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View Full Version : how to keep st augustine from going into neighbors bermuda


cpt87gn
12-05-2009, 07:26 PM
im thinking about installing st augustine sod on my house which iv never done before but i live in a new subdivision and everybody has bermuda how do i keep it from going into the 2 neighbors lawn the back yard is no problem because of the wood fence

and what should i do should i rent a sod cutter should i put down somekind of soil down before the sod and some starter fertilizer thank you for the help

CkLandscapingOrlando
12-05-2009, 07:47 PM
The problem is how to keep the bermuda out of the aug. There is no chemical to kill burmuda that you can get but roundup and that kills every thing. Your only chance is to run sometype of boarder along the whole property line. Even then you'll probly have issues. Bermuda seeds real bad and the wind, rain, and mower will spread that crap like crazy

ALC-GregH
12-05-2009, 07:48 PM
I think you might have it backwards. You might be better off having Bermuda grass. That stuff will spread under driveways, a fence sure isn't going to stop it.

ALC-GregH
12-05-2009, 07:50 PM
The problem is how to keep the bermuda out of the aug. There is no chemical to kill burmuda that you can get but roundup and that kills every thing. Your only chance is to run sometype of boarder along the whole property line. Even then you'll probly have issues. Bermuda seeds real bad and the wind, rain, and mower will spread that crap like crazy

I disagree. Do some more research and you'll find your incorrect.

CkLandscapingOrlando
12-05-2009, 07:59 PM
Your right. I meant that could be sprayed on the Aug with no ill effect. My point is that any thing you use to control it will hurt the aug. At least so say's every spray company in central florida that I've posed this question to.

jtk47
12-05-2009, 09:16 PM
i was told that tenacity has been shown to knock back bermuda in st. augustine. but i believe it can only be used on sod farms, not sure about this. Might want to check into it. But my advice, if u live around bermuda your going to have a heck of a time keeping it out of your yard as aggressive as it is (some studies say it can spread over 6 feet a year). So i would plant it. Zoysia might be a possible if your totally against bermuda because of how thick the grass grows.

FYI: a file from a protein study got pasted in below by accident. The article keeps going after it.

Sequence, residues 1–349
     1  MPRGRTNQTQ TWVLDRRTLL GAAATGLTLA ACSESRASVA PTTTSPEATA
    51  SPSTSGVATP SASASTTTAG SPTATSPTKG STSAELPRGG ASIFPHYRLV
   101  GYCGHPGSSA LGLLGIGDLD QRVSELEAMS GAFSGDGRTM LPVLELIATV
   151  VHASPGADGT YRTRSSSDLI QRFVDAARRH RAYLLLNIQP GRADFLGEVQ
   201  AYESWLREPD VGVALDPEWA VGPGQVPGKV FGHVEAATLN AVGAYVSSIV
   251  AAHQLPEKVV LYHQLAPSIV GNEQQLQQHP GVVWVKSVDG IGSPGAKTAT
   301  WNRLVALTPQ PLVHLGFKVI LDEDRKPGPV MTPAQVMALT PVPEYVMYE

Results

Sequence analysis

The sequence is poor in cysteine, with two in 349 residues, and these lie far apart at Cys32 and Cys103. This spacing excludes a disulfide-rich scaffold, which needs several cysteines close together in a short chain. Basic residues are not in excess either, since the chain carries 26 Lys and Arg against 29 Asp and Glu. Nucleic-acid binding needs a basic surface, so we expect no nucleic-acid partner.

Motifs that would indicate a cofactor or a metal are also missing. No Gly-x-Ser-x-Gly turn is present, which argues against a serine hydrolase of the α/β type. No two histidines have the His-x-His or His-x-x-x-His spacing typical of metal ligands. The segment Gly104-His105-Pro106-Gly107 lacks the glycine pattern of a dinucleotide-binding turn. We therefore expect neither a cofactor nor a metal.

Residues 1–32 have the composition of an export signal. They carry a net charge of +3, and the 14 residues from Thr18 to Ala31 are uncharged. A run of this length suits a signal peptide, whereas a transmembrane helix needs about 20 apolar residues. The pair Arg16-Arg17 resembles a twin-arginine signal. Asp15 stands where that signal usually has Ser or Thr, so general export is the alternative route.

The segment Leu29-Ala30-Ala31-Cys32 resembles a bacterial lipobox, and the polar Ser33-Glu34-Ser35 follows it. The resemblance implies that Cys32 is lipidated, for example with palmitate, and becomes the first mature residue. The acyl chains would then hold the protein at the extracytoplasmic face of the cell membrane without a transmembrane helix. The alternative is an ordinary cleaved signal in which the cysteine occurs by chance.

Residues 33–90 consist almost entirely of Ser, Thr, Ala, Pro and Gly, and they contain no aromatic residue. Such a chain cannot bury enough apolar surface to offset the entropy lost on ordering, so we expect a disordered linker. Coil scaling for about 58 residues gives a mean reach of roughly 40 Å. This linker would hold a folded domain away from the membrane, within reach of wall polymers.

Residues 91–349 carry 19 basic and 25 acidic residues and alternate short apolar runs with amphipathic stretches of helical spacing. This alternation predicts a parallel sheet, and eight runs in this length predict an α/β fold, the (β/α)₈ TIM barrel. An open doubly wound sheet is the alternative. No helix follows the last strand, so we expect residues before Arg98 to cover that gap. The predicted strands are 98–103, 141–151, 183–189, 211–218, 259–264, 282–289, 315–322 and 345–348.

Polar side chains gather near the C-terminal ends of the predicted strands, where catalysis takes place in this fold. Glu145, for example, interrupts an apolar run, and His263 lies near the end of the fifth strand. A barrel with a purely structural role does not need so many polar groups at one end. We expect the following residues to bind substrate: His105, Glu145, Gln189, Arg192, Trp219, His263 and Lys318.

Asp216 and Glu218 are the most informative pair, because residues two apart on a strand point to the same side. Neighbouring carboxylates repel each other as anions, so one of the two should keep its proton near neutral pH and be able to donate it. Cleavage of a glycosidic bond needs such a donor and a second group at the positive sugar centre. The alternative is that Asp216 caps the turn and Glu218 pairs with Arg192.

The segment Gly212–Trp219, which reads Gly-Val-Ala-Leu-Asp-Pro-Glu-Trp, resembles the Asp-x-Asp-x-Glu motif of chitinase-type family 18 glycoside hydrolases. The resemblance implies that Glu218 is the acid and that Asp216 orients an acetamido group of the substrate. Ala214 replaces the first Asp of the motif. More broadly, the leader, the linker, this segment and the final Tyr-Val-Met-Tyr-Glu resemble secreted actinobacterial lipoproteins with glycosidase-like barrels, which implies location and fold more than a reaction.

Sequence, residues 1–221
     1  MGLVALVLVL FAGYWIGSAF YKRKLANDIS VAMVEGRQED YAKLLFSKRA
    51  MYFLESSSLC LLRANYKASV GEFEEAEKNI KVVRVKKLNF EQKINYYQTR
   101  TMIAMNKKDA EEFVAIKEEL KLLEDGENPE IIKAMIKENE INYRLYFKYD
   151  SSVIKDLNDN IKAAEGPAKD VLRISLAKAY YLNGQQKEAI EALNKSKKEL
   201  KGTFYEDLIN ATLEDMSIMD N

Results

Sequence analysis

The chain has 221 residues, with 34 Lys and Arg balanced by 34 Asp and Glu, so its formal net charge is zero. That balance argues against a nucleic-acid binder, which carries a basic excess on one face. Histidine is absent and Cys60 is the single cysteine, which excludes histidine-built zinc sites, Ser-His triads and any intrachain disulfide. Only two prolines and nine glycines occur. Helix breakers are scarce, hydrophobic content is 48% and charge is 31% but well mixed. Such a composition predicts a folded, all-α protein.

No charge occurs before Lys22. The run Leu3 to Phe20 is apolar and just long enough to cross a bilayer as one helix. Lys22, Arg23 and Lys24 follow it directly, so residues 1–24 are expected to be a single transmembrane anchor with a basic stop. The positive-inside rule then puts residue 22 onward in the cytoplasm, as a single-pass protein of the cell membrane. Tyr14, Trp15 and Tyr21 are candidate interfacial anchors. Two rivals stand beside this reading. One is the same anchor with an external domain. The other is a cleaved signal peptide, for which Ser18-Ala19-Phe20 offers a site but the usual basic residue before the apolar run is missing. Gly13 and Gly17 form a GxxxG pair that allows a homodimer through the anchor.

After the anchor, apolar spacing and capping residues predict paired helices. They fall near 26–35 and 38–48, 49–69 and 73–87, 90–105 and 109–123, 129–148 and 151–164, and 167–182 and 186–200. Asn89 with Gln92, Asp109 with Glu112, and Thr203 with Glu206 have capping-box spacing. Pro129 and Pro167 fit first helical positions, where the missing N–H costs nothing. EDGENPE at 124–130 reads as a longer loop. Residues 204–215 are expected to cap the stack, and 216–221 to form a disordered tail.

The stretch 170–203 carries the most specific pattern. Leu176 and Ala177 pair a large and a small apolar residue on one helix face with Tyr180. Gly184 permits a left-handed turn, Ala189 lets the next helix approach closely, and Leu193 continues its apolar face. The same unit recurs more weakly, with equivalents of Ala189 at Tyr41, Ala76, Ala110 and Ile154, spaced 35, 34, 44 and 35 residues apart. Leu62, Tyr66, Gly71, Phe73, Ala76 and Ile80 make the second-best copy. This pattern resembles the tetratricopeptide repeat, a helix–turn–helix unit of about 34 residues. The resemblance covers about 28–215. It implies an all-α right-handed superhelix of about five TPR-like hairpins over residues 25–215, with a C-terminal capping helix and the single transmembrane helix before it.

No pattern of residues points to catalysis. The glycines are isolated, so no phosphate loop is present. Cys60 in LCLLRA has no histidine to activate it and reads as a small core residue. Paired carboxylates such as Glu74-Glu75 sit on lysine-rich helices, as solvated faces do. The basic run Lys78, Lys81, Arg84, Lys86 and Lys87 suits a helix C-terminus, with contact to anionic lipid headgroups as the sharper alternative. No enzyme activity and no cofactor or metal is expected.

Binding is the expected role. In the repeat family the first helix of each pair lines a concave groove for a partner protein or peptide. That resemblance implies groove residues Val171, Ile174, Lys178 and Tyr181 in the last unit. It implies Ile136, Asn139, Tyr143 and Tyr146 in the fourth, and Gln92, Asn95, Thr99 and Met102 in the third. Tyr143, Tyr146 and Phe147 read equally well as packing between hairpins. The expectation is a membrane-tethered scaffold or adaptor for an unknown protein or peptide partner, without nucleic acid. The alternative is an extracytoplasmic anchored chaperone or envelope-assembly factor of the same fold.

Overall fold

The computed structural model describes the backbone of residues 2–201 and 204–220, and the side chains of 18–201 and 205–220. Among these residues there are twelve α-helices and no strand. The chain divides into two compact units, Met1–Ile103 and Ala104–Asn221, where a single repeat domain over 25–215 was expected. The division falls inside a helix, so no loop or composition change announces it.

CkLandscapingOrlando
12-05-2009, 09:59 PM
Yea I'm sure the sod farms have access to something. But so far as IFAS and every spray tech I've talked to theres nothing they can spray that they know of. I've hit yards 3 times with gly on a 2 week cycle before a re-sod and still had it coming up in spots. Mixed at 8oz per 3 gal

ed2hess
12-05-2009, 10:06 PM
Can't image why you would want to go against the bermuda.......can't keep them out of each other I have tried to do it for one customer. You can spray the St. Augustine with msma every time it gets into the bermuda but.......you will have to do it over and over. Don'e try to put a border in, that looks ugly and it will go under the cedar fences.

andyslawncare
12-05-2009, 10:59 PM
fencing won't do anything but waste your money - use a sod cutter or shovel to make a border between the properties and keep it edged, plant that area so it doesn't look bad. I believe that the st. augustine grows thicker than bermuda, which would mean that you shouldn't have too much trouble with bermuda seed germinating in it, that is unless your st. augustine gets a bare area or starts to struggle with fungus you will most likely have either weeds or bermuda (considered a weed too in They are both aggressive grasses and will probably run together with out a defined grass-less border between houses.

As far as the install, I would kill your current grass and wait as long as possible (1-2 weeks is good) for the chemical to leech out of the soil. You can hire someone to scrape the yard for you with a Harley rake or whatever they use for site prep, or rent your own machine to do it. Sod cutter will take a long time & lots of labor. I wouldn't suggest amending the soil unless you are planning on tilling in the amendment, in which case you will need to add 4 inches and till to a depth 12'' (12'' because that is going to be about your max root depth of the grass). If you simply amend the top of the current soil without tilling, your roots will most likely grow shallow and will struggle during dry & hot weather. Most of the time we lay sod, we lay on native soil. Use a starter fertilizer at no more than the rate shown on the bag.

unkownfl
12-05-2009, 11:31 PM
Just let it mix it all looks green from the street.

Turf Dawg
12-06-2009, 01:37 AM
I will not speak for other areas of the country [although I figure them to be the same] but hear if you water then the St Augustine is the dominant grass. Yes it will slowly start to take over the Bermuda in your neighbors lawn. Like Hess lawns stated, you can use msma to kill back the St Augustine but it will be a constant battle and will not look all that great in those areas.